Office clerks at the largest U.S. port complex traded contract proposals with their employers during marathon talks that one labor official hoped would lead to a settlement and avert a possible shutdown of the docks.
The union said it would submit its latest proposal in the evening after both sides in the labor dispute agreed to continue negotiating past a midnight Monday (0700 GMT Tuesday) strike deadline set by the union.
"We will not leave this facility without an agreement - or we're on strike," said John Fageaux Jr., president of the office clerical unit of Local 63, a division of the ILWU. "I believe if we don't have an agreement tonight, you'll see picket signs first thing in the morning."
The 15,000-member International Longshore and Warehouse Union has indicated that longshoremen would honor picket lines if the 750 clerks strike.
That would effectively shut down loading and unloading operations at the neighboring ports of Los Angeles and Long Beach.
While Fageaux declined to provide specifics of the union's latest proposal, he said there were sticking points on wages, job security and health and pension benefits. He said the union initially decided to submit a "last, best and final offer" Monday afternoon but changed its mind later in the day.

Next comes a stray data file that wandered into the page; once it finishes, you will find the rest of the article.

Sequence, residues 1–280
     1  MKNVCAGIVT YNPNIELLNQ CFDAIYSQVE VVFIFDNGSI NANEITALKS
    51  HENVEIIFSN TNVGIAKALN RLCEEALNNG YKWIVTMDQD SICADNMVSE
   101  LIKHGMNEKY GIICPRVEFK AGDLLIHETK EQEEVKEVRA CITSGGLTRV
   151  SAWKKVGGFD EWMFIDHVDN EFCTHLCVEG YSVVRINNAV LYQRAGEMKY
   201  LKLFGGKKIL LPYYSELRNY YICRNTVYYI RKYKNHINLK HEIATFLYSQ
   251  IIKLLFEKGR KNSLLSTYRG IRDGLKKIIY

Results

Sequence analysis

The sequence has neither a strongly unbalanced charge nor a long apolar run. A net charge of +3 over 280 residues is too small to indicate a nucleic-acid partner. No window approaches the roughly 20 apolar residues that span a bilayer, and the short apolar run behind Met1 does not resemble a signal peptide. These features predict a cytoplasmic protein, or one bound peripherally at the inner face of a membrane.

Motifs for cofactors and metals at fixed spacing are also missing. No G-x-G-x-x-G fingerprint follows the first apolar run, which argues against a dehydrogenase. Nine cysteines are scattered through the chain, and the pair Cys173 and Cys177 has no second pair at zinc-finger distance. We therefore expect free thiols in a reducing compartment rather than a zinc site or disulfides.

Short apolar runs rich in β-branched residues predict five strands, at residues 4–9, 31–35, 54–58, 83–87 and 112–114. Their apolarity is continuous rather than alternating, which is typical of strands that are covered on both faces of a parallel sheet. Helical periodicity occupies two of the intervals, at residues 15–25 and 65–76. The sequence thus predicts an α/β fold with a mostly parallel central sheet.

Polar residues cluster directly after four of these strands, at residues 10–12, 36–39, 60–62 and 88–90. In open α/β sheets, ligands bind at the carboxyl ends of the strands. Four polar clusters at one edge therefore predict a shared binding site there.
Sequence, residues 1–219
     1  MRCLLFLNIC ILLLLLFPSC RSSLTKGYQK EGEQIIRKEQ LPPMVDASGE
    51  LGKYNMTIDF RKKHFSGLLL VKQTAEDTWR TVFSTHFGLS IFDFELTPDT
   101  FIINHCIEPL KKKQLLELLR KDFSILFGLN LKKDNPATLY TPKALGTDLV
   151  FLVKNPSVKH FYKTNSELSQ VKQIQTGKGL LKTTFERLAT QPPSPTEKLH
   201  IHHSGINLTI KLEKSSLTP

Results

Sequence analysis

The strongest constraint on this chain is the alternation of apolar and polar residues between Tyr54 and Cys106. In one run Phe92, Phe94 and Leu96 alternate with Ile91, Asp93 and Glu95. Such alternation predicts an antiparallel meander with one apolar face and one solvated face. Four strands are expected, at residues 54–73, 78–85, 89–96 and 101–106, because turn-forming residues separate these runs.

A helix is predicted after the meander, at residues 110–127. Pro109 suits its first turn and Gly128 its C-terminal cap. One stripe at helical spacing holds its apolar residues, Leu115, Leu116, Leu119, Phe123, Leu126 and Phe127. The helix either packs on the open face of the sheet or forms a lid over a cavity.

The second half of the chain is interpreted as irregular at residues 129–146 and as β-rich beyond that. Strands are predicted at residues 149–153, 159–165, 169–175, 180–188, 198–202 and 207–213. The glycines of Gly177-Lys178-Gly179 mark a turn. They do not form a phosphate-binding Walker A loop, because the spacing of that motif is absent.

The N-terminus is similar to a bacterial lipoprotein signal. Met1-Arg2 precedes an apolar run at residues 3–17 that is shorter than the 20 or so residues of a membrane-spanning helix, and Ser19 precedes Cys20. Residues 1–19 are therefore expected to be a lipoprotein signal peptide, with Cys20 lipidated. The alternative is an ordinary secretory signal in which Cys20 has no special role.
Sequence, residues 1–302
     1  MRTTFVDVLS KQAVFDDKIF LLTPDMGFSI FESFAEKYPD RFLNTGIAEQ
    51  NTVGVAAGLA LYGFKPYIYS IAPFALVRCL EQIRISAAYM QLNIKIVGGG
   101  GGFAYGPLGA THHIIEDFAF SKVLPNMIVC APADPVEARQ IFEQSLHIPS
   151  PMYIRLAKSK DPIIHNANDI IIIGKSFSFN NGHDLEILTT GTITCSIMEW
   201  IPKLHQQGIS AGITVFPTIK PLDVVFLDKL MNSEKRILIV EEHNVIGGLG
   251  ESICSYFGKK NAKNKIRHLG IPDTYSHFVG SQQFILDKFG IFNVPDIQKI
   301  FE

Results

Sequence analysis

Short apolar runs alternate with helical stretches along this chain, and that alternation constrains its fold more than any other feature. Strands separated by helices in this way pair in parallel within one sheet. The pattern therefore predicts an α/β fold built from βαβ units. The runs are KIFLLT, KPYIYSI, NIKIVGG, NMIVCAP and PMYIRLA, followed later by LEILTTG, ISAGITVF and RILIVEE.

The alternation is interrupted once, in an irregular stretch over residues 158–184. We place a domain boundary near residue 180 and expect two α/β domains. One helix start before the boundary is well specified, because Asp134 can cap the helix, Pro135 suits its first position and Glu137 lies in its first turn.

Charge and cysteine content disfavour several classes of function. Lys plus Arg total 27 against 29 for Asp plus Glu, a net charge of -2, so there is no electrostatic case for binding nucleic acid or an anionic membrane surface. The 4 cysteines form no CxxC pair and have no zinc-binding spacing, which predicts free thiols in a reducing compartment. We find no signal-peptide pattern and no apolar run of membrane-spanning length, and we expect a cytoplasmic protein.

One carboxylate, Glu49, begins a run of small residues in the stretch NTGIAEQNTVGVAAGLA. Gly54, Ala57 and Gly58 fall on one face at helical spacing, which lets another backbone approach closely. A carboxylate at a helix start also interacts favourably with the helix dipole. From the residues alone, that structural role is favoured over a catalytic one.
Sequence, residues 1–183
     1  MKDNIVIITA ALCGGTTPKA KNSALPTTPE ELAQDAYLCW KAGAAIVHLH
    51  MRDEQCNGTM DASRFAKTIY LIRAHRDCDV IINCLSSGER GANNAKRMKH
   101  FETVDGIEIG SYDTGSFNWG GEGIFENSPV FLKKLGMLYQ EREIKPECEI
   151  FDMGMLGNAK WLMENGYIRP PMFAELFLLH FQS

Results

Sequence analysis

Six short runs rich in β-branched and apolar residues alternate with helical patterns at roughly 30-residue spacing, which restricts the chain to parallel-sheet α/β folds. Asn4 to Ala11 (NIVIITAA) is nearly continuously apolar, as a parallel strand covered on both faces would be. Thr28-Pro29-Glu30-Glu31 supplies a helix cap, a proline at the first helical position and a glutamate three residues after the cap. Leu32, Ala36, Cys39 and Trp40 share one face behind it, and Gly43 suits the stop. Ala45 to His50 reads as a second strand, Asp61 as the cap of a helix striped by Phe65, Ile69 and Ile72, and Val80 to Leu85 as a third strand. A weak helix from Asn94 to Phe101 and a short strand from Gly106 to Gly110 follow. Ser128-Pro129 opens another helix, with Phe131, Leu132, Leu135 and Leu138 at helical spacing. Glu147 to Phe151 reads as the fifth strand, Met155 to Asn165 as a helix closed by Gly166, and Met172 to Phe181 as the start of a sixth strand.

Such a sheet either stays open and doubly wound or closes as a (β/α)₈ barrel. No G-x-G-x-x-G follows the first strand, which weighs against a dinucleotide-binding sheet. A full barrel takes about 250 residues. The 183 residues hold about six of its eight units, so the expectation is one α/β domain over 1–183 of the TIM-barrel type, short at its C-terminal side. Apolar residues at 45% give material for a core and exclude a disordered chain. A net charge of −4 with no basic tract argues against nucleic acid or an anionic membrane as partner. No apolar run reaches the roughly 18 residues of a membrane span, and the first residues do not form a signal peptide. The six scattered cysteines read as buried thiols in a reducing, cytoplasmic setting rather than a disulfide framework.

The offer was presented at 3 p.m. Steve Berry, lead negotiator for the 14 marine terminal operators and other firms who employ the office clerks, said a counterproposal was given to the union three hours later.
The port complex accounts for 40 percent of all the cargo container traffic coming into the United States.
A work stoppage could create ripple effects throughout many industries that depend on timely movement of cargo. It also would come as the ports enter their busy pre-holiday season, when shippers depend on the facilities to handle imports.
The clerks work at marine terminals and handle bookings for the export of cargo and other transport documents.
Under their most recent contract, full-time, port clerical workers earned about $37.50 (EUR 27.21) an hour, or $78,000 (EUR 56,600) a year. They also receive a pension, health care benefits free of premiums, and 20 paid holidays a year.
Berry said the employers' latest offer included raises that over the life of a three-year contract would bump the employees' hourly pay to $39.50 (EUR 28.66); the union is seeking increases that would equal $53 (EUR 38.46) per hour by the last year of the contract.
In 2002, longshore workers across the West Coast were locked out for 10 days over a contract dispute. The shutdown cost the America's economy an estimated $1 billion (EUR 730 million) to $2 billion (EUR 1.45 billion) a day.
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